Will I end up at the power station
On charges, a degenerate?
Have my spirit broken in a cell?
Must I grow broad- and dirty-minded
Serving a community, a nation
By now past anybody's power to shock?
ALMOST AS DEAR as puns to Merrill's technique are macaronics, comic or pathetic effects achieved by colliding languages and bad translations: "'Eh, Jimmy, qui sont ces deux strange men?'" To understand somebody else is to translate from her language into yours. To understand one's younger self, moreover, is to translate his terms into yours—as Merrill's "Lost in Translation" understood. The poem begins with Merrill as a boy, spending a summer with a governess:
A card table in the library stands ready
To receive the puzzle which keeps never coming.
Daylight shines in or lamplight down
Upon the tense oasis of green felt.
Full of unfulfillment, life goes on,
Mirage arising from time's trickling sands
Or fallen piecemeal into place:
German lesson, picnic, see-saw, walk
With the collie who "did everything but talk"—
Sour windfalls of the orchard back of us.
A summer without parents is the puzzle,
Or should be. But the boy, day after day,
Writes in his Line-a-Day No puzzle.
As he remembers the boy he was, the grownup Merrill worries at a new puzzle: he has been trying to translate Paul Valery's "Palme"—did Rilke translate it into German? Can Merrill find Rilke's version before he leaves Greece? The jigsaw puzzle, when it arrives, turns out to be a Near Eastern scene with animals and "a hundred blue / Fragments" of sky. Boy and governess assemble it ("Quite a task, / Putting together Heaven"), then take it apart to exchange it for another. Yet,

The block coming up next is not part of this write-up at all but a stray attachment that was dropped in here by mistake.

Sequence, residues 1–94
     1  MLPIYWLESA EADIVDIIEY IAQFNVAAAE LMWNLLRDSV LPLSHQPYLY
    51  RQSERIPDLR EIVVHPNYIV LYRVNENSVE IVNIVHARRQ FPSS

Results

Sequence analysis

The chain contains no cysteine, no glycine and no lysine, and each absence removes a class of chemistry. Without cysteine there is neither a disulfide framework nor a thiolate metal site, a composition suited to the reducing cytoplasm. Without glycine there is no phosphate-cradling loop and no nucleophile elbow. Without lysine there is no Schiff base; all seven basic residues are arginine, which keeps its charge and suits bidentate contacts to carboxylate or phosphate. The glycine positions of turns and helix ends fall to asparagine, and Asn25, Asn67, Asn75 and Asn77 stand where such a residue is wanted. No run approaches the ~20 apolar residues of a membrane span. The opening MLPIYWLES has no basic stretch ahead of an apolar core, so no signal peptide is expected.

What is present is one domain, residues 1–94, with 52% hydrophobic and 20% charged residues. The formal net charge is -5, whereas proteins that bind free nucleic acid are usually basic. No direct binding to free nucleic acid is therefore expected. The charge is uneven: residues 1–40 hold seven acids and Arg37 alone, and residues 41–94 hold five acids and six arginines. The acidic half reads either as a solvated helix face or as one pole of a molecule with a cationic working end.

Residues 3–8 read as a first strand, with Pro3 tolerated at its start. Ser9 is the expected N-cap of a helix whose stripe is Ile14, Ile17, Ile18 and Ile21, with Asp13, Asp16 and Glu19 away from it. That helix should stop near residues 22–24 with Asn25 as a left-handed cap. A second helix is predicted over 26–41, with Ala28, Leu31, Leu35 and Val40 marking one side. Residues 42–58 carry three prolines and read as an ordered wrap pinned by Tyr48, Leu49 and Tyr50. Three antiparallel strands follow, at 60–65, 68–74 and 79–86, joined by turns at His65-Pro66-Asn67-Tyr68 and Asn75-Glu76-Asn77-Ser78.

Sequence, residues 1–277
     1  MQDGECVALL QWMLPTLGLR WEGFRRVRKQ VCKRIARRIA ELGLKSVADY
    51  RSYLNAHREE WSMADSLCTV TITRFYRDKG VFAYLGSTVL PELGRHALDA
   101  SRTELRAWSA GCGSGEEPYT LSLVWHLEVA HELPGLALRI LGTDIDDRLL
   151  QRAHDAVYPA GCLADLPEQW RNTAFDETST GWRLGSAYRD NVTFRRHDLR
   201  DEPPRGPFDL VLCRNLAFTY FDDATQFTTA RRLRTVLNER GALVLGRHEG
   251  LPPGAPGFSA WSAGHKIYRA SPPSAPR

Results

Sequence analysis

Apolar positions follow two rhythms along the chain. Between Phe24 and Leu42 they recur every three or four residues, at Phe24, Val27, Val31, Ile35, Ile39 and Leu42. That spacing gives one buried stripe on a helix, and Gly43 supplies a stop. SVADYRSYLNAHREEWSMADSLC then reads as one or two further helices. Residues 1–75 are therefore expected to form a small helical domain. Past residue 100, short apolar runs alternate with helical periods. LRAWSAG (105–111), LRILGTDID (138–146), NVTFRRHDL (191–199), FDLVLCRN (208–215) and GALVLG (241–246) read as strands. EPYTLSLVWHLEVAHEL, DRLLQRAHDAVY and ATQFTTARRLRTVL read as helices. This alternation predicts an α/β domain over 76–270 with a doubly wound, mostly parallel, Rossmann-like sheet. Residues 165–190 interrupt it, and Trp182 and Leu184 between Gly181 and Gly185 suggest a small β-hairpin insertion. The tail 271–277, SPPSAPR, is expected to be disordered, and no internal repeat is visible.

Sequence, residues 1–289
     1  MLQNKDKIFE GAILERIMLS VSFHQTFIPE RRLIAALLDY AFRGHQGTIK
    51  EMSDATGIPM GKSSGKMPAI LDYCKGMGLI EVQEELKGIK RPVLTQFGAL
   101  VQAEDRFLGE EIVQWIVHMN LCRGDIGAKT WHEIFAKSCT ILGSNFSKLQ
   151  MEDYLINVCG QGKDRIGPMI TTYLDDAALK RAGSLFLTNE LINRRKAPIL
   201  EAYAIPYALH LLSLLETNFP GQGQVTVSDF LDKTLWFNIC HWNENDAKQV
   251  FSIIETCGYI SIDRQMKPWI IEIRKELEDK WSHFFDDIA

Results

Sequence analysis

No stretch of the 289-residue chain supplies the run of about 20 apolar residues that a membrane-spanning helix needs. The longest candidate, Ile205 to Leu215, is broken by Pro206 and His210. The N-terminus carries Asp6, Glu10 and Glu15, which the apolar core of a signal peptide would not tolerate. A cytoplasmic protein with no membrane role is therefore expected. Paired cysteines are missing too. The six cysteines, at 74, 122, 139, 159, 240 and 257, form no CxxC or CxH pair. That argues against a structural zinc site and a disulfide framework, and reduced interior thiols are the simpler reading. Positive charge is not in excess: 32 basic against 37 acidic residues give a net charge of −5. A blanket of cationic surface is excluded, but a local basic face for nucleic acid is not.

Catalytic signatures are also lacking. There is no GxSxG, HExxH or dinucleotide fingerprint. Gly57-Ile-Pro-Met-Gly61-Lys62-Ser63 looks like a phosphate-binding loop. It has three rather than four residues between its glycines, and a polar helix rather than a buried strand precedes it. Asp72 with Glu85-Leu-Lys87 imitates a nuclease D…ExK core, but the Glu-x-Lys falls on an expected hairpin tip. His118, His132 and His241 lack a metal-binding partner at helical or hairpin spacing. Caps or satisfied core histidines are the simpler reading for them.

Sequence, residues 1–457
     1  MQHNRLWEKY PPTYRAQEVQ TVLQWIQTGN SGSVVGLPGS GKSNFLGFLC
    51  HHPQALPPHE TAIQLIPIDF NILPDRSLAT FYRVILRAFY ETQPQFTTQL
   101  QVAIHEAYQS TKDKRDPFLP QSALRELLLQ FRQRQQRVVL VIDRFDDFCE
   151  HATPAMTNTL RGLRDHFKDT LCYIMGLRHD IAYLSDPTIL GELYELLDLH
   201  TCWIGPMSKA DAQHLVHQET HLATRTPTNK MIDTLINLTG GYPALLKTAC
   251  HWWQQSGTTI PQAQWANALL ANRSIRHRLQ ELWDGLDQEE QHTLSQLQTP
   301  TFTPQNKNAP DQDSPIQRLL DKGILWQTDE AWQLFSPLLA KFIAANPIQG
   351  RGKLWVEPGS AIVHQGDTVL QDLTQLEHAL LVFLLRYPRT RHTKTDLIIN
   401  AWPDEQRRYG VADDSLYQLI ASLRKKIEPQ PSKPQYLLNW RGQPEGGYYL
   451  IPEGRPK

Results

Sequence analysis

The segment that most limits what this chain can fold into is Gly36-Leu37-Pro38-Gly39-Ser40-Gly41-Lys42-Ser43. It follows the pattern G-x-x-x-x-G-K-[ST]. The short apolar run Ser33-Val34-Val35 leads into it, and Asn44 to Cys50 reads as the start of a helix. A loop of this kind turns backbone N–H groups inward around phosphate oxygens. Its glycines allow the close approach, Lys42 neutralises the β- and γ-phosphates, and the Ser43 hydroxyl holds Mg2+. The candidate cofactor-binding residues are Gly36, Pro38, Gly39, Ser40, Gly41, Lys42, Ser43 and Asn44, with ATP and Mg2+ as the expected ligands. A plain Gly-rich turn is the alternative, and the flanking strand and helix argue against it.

Before the puzzle was boxed and readdressed
To the puzzle shop in the mid-Sixties
Something tells me that one piece contrived
To stay in the boy's pocket. How do I know?
I know because so many later puzzles
Had missing pieces—Maggie Teyte's high notes
Gone at the war's end, end of the vogue for collies,
A house torn down; and hadn't Mademoiselle
Kept back her pitiful bit of truth as well?
The governess speaks French, but is secretly German, "a widow since Verdun," of English descent. (When the puzzle arrives, "Mademoiselle does borders.") Is the lost piece of the puzzle like her lost past, like the lost milieus of prewar Europe? Are all three like the "warm Romance" of Valery's French, abandoned when Rilke rendered "Palme" in German?
But nothing's lost. Or else: all is translation
And every bit of us is lost in it …
And in that loss a self-effacing tree,
Color of context, imperceptibly
Rustling with its angel, turns the waste
To shade and fiber, milk and memory.